“They were headed right to where we had already gotten two helicopters shot up, but I’m on the CAS [Close Air Support] radio frequency, and I can’t shift over to the helicopter communications frequency fast enough to tell them to get the hell out of there,” said Slabinski. “Sure enough one of my teammates can see it all happen, telling me ‘Yeah, they just took an RPG [rocket propelled grenade], and they’re down.”
As the Rangers scrambled out of the downed helicopter into the Al Qaeda ambush zone, four were killed and others were wounded. In all seven U.S. service members were killed in action on Robert’s Ridge. They included Neil Roberts himself, who was executed by Al Qaeda fighters even before Slabinski’s team made it back up the mountain.
What Happened To Chapman
The controversy surrounding the Battle of Robert’s Ridge concerns the fate of Air Force combat controller John Chapman. A later investigation of the battle by Joint Special Operations Command unearthed video footage from a Predator drone that captured continued fighting on Takur Ghar’s peak even after Slabinski’s SEAL Team had retreated, and before the Quick Reaction Force helicopter was shot down. An analysis of a classified video, made by the Air Force to bolster its recommendation of a Medal of Honor for Chapman, purportedly shows Chapman’s body lying motionless in the bunker for 12 minutes, and then sustained movement as someone – presumably Chapman – in the bunker moves around firing his weapon in multiple directions for an hour. Newsweek’s exhaustive investigation of the Chapman controversy can be found here.
For his part, Slabinski has always praised Chapman for saving the lives of his team. “John died saving us from the enemy fire, which was effective from three sides when he was killed,” Slabinski said in a witness statement for Chapman’s posthumous Air Force Cross medal, which Newsweek obtained. “John deserves the highest medal we can get for him.”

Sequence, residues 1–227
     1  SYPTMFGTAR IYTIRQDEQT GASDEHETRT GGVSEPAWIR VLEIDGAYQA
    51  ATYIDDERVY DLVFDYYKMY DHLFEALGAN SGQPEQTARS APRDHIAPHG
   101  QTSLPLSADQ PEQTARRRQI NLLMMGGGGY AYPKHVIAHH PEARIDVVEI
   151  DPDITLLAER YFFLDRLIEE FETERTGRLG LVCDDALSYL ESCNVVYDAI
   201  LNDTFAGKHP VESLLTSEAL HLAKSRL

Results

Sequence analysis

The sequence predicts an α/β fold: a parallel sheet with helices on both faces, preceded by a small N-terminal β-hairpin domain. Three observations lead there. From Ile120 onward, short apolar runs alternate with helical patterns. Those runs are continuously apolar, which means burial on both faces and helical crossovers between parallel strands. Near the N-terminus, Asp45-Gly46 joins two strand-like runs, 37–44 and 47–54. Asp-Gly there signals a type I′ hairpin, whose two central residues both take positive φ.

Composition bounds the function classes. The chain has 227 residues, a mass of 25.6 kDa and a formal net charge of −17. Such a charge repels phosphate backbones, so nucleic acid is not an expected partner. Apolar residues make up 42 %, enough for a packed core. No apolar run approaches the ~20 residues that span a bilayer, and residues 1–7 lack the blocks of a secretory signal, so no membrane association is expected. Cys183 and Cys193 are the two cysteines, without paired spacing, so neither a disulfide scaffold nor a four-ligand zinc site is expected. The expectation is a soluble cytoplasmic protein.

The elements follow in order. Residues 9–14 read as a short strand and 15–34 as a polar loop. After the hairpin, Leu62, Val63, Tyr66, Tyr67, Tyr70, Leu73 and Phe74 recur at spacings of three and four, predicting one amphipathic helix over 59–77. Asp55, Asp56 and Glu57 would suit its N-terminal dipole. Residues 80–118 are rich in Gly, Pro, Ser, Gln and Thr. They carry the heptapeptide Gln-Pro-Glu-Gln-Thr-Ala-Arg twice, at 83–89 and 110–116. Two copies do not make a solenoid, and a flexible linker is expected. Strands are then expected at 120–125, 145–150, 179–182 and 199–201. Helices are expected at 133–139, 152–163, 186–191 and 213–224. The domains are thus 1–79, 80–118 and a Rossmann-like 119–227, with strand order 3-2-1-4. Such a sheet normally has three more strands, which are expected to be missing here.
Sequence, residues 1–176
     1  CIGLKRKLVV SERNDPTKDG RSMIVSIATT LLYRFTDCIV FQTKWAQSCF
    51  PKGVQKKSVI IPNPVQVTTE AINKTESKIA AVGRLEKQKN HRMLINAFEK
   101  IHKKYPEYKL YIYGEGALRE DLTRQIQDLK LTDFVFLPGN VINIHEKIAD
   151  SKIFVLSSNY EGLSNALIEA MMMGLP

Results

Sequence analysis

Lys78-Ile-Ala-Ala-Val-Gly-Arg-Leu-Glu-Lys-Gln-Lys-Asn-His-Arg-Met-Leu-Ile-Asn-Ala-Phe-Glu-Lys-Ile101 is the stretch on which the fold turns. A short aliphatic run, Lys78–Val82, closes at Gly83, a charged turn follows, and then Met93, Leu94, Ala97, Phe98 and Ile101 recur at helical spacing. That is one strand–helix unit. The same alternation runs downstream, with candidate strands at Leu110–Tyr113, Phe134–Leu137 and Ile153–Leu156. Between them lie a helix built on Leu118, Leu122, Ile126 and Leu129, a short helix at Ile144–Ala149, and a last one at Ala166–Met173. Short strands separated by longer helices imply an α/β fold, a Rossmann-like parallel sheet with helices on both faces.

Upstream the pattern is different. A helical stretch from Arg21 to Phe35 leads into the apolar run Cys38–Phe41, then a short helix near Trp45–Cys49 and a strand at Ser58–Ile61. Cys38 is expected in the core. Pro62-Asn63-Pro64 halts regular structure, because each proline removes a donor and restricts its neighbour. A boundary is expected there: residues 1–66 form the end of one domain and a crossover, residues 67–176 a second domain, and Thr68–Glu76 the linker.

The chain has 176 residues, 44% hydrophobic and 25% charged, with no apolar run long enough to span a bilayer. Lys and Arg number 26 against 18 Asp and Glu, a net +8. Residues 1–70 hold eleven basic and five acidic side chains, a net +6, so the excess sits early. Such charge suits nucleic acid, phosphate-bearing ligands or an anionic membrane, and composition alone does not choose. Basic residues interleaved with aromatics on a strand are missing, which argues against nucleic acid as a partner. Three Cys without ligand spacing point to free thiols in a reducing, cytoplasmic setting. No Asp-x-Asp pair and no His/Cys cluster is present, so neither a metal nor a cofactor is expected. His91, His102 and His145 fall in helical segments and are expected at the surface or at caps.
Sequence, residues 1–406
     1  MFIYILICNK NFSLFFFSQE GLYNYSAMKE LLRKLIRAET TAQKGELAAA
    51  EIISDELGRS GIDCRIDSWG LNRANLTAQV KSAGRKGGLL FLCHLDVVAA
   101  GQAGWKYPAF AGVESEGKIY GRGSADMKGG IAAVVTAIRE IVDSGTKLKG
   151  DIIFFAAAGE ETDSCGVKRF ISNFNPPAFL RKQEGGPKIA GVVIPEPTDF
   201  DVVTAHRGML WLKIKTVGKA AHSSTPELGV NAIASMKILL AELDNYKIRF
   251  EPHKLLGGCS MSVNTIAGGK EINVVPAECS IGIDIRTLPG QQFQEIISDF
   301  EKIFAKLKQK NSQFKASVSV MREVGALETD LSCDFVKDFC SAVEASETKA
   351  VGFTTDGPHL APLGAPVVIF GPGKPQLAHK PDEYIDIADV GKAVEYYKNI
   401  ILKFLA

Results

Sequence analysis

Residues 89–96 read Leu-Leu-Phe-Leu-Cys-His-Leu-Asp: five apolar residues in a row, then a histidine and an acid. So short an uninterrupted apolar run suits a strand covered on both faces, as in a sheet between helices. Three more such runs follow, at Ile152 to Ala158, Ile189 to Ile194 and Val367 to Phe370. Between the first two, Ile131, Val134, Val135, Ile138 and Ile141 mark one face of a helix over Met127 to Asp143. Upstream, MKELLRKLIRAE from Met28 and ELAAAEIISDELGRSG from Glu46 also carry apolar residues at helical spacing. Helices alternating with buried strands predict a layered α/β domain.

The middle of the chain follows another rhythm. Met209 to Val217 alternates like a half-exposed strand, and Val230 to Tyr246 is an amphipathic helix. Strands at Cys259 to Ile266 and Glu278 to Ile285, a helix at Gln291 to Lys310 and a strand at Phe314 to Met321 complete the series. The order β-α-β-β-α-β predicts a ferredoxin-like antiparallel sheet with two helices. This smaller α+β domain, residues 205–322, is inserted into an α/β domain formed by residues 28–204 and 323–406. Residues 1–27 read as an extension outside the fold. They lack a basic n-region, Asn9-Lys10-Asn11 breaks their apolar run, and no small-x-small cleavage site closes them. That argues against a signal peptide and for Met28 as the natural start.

Britt Slabinski and John Chapman had been tent mates in Afghanistan, and they kept a running game of chess going in their quarters that they never managed to complete in a hectic war zone. Soon the two friends may have more in common than an unfinished game of chess.
“Not a day goes by when I don’t think about John,” Slabinski told Breaking Defense. When asked what he thought on hearing that Chapman may have survived and fought for another hour alone on the top of Takur Gar, Slabinski pauses before answering. “Well, there’s was no doubt in my mind that he was dead. No doubt in my mind,” he said. “But my first thought [on hearing of that possibility] was that it would be completely in John’s character to have done that. That was his DNA. That was my whole team’s DNA. It’s not what I saw. Not what I experienced. But it was within John Chapman’s character to have done those things.”
On Thursday at the White House Medal of Honor ceremony, Slabinski will be reunited for the first time with other Robert Ridge veterans in his SEAL Team, Rangers of the Quick Reaction Force, and MH-47 aircrews. Members of Gold Star families who lost loved ones on Robert’s Ridge will also attend, including from the Chapman family.
“I’ll accept that medal with great humility, because all my guys followed me up the mountain that day, as did the aircrews that kept the flights coming, and the Rangers who came not because they knew us, but because they knew we were in trouble,” said Slabinski. “In many ways I’m uncomfortable being singled out because when you wrap your head around that whole battle, every one of them deserved this medal. That’s no exaggeration.”
Tech. Sgt. John Chapman, the combat controller who was killed during the fierce Battle of Roberts Ridge in Afghanistan in 2002, will be posthumously awarded the Medal of Honor, according to a report in Task and Purpose.